January 1, 2016. This blogger has no particular memory of what was going on that New Year’s Day nearly four years ago, but the photographic record doesn’t lie. We shot a series of ghost pizzerias and No Parking signs at scenic locales from Homestead down, around, and over the river to Glassport.
The most intriguing find of the day, however, came calling out from the inside of a rusty metal shed along East 8th Avenue in Munhall. Completely open to the street, the little three-walled steel shack appears to be either an artifact of the area’s industrial past or a larger-than-average bus shelter–perhaps both. Either way, its open-to-the-public opportunity and hidden-from-the-cops privacy make the little lean-to an easy target for graffiti.
This piece was different, though. No mere copycat tag or delinquent’s de rigueur spray-painted wang, what caught the eye was a legit original artwork. The painted was rendered in bright acrylic color on thick brown packaging paper and applied directly to an interior wall of the shelter.
The subjects are three cartoonish human-like figures, their facial features randomly shuffled out of order. Eyes are stacked one on top of the other under a single brow; elongated oversize noses are lifted and askew; pursed graphic lips are highlighted like an offset print job.
The metal enclosure even makes its way into the artwork. Random rust spots permeate the unpainted surfaces of the wheatpasted paper media giving the three faces pockmarked or freckled blotches across their skin and through the bare sections of background. Each person has a word bubble with the same arch message: all things are yours. (See photo, top.)
The Munhall painting wasn’t the first piece we’d come across attributed to the cryptic Clohn Art–there had been a couple earlier finds along Penn Avenue (see photos, below)–but it was the one that put all the pieces together and it still remains a favorite.
After that, the floodgates seemed to open just briefly as we spotted more Clohn Art all over: a series of animal paintings on Chinese restaurant placements in an alley downtown; a three-eyed, green-haired woman fused to plywood; stray blue period paintings on the back of a Shadyside garage. And then … it all stopped.
John Lee (aka Clohn Art) (it’s pronounced clone; not the way Pittsburghers say clown) is a hard guy to get on the horn–and it wasn’t for lack of trying! Three full years after initially getting shot down, in comes the most welcome–if apropos of nothing–comment on an otherwise unremarkable Orbit Instagram post. The artist is ready to come in from the cold and he’s just decorated Second Avenue in Hazelwood with a new batch of paintings.
“There’s a quote, ‘Writers write,’*” John Lee tells me, “so I figured that painters paint. I should be painting.”
And paint he does, usually six days a week at his Lincoln Place home studio, churning out artwork on a variety of recycled media: packing paper, placemats, plywood, and flattened cardboard boxes. There are so many paintings that they need to go somewhere, and that includes the tasteful redecoration of underused buildings–here in Pittsburgh and wherever Lee travels.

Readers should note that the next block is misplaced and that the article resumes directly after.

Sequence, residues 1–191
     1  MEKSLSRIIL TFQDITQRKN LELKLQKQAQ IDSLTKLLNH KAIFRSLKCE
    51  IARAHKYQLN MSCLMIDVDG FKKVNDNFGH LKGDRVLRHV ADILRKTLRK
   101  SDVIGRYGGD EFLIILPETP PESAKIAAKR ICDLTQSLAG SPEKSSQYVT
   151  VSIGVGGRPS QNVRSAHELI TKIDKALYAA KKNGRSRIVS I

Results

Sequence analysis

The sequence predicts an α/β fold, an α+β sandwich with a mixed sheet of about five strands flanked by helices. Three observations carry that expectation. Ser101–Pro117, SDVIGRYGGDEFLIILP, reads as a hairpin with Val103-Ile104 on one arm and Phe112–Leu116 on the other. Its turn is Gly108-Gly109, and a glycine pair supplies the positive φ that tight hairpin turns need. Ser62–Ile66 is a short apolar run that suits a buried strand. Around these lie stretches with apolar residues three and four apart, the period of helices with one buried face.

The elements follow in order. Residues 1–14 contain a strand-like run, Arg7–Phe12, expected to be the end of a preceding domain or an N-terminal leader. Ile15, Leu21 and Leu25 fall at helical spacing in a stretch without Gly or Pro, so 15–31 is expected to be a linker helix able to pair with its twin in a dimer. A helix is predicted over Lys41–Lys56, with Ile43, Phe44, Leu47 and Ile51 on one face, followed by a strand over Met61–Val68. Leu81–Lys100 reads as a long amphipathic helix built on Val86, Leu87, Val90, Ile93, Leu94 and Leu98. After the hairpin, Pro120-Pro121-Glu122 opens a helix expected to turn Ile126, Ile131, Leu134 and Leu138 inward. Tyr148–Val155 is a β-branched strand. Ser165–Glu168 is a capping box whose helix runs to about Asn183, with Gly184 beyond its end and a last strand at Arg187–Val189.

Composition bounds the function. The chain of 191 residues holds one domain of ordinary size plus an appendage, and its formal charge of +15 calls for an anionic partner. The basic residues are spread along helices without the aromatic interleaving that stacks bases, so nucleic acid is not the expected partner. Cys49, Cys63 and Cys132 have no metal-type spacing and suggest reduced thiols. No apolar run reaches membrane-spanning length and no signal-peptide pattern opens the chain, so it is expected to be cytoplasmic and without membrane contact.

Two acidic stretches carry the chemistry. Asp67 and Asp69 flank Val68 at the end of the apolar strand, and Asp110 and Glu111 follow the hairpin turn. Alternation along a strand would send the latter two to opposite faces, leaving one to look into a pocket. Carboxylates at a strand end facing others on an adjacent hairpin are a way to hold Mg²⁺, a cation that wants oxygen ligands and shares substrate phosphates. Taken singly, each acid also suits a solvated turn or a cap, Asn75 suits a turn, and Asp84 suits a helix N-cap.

“With cardboard art you always have an outlet,” Lee says, “It’s the most respectful form of street art–you’re not really damaging anything.” Lee prefers to staple his cardboard paintings to the plywood covering windows and doors of abandoned/unoccupied buildings, though he’s also used wheatpaste to effectively glue paper artworks directly to wall surfaces. The results will still wash or peel away eventually, but they last a little longer.
John Lee’s art has a couple common subjects: people–often with their facial features irregularly rearranged–and animals. You’ll also find a blending of the two as the series in Hazelwood included: a panda’s head on human body wearing a brown suit; a cat-man in pajamas; a person in western wear with a bird’s head costume. “You don’t know,” Lee says of the ambiguity in man-beast representation, “They could be anything.”
Other oft-repeated motifs include a sort of jointless free-floating position in the slender bodies–arms and legs extended, folding, and curved backwards in a kind of weightless space yoga–and stiff, awkward hands as if the characters are just forming their first words in sign language or attempting to flash caricatures of gang symbols.
In several instances, John Lee has set up what he calls the Honor System Art Gallery. Beyond just street art, the typically-smaller, often framed artworks are bundled together at a common location with instructions to Take one art work now and then pay (what you like). Details on purchasing via various app-based electronic payment systems is included.
… and, because we didn’t have a “real” gallery show or other public event to hang this story on, John Lee suggested he set up a new Honor System Art Gallery just for the occasion.
That went up two days ago on the rough plywood of a condemned building on Penn Avenue in Garfield and I’m here to tell you it looks great. It’ll be a heartbreaker to see those little paintings disappear–however that happens–because they are such an obvious civic improvement to the old boarded-up Heavenly Cuts storefront. But … John Lee would also love for you to have a piece of his artwork displayed somewhere in your life.
An earlier “gallery” Lee set up on a chain link fence in Seattle currently holds the record for the best response/most (financially) appreciated artwork. So, c’mon Pittsburgh! We can’t let those latté-sniffing West Coast jagoffs hold a title over our (adopted–John Lee is originally from Albuquerque) home town guy! Get your keister to Garfield and buy a piece of street art!
* Best as we can tell, the quote is by Ralph Keyes and goes, “Serious writers write, inspired or not. Over time they discover that routine is a better friend than inspiration.”